First, the catalyst bed is held at its low, transition state level for 2 hours and then increased gradually to its normal, production level. Second, a new temperature setpoint to make the second product is entered into the temperature control panel and allowed to change to that new setpoint and held constant. Third and finally, the operator selects new ratios of hydrogen to ethylene, the "hydrogen ratio", and for the comonomers that "overshoots" the desired value, i.e., the setpoint value is above the steady state, target value for the new product. Selection of the amount of overshoot is done by experience and held at that setpoint for about 2 hours. The ratios are then readjusted to the target values for the new product and held at that value until the reaction product exhibits the desired melt index and density values. Elapsed time for transition is about 12 hours.
FIGS. 3-5 depict a flowchart of the process control of the invention. The initial steps are similar: the reactor is initially operating at steady state, the bed level is lowered to a transition level and held there for 2 hours.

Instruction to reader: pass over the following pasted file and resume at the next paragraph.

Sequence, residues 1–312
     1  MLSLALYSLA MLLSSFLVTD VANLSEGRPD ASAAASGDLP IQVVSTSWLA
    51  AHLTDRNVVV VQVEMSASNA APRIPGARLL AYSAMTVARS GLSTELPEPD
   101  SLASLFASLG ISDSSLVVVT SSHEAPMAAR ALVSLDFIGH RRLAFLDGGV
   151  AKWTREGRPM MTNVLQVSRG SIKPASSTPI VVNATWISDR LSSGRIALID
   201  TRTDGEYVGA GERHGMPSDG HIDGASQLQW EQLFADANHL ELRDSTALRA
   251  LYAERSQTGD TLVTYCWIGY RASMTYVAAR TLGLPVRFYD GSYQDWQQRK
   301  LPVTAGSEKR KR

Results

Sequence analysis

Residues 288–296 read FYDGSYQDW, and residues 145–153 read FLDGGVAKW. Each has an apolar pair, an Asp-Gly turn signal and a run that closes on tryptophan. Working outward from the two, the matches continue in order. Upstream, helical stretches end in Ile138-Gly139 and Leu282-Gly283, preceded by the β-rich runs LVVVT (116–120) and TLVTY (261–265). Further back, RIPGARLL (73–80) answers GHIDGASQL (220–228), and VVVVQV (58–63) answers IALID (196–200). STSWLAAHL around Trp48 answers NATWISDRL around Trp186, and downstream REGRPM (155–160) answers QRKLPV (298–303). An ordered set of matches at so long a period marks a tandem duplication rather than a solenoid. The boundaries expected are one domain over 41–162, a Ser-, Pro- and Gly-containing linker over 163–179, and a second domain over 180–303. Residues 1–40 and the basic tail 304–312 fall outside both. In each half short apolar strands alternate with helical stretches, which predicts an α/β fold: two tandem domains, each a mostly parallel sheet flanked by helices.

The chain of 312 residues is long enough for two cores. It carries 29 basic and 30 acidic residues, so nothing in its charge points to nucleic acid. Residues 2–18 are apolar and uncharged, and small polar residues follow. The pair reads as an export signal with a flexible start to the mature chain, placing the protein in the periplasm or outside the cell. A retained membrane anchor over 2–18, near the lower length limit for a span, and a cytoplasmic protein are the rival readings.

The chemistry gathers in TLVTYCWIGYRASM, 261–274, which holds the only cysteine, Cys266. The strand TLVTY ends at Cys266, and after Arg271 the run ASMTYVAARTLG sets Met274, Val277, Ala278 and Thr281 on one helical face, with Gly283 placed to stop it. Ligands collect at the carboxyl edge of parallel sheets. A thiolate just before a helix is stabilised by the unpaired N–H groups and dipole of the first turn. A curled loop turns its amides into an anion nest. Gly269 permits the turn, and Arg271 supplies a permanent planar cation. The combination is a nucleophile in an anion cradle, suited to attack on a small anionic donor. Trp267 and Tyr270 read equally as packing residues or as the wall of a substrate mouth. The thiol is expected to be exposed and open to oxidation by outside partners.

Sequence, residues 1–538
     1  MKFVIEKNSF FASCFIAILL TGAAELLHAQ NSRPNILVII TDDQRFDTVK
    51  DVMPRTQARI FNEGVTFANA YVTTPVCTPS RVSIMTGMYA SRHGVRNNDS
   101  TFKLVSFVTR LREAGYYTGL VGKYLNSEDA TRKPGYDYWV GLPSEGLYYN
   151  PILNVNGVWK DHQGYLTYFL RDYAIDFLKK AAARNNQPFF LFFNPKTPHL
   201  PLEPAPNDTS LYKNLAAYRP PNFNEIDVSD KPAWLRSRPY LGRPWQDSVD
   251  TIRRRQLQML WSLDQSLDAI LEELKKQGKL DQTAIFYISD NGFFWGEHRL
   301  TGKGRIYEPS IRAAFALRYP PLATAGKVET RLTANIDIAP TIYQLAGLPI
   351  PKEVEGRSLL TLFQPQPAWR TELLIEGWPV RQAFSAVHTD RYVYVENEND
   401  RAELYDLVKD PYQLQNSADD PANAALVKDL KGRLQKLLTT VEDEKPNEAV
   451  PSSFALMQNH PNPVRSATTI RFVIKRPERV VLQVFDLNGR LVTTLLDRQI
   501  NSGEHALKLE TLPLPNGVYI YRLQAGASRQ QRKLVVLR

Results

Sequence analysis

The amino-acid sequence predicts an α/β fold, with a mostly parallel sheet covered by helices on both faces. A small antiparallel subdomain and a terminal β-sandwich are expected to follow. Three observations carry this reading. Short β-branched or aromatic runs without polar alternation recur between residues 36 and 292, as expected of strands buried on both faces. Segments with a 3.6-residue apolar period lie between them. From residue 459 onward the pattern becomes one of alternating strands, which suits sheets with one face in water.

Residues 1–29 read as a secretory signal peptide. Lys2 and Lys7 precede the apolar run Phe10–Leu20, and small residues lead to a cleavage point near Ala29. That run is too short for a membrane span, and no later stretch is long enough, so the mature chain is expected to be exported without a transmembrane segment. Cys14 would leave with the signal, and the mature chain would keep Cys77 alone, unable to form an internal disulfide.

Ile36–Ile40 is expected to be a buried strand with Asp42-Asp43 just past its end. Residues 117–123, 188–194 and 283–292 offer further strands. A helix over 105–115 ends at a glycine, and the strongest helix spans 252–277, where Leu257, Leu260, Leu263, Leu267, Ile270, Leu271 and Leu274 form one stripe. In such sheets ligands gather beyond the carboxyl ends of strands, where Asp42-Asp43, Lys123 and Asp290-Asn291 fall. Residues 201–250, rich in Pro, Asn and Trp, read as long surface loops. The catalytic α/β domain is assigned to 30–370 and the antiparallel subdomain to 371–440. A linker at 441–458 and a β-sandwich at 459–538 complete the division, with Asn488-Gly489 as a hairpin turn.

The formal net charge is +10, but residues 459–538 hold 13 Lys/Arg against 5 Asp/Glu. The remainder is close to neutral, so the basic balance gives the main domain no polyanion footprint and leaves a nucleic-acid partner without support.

Unlike the prior process where the new product temperature was merely set, the second product temperature is checked to see if it is above or below the first product temperature. If the second temperature is lower, the property setpoints are not changed, and the reactor temperature "ramped" down in stepped units or a smooth gradient. If the second temperature is higher than the first temperature, the property setpoints are changed at the same time the new temperature setpoint is entered. This analysis is particularly helpful in reactor operation. Because the resins are made near their sticking temperatures, operating the reactor at conservative temperatures during the transition helps to prevent sticking.
In expert process 2, the computer model is used to set the temperature, rate-limiting reactant partial pressure (e.g., ethylene partial pressure or "C2PP"), and hydrogen removal rate (e.g., slow vent) undershoot or overshoot values and duration from the melt index and density setpoint values entered into the computer model relative to the initial, steady state conditions. Changes in reaction product and reactor conditions are monitored and corrected to maintain an optimum transition path from the reactor model. Setpoints are changed as necessary to minimize transition time.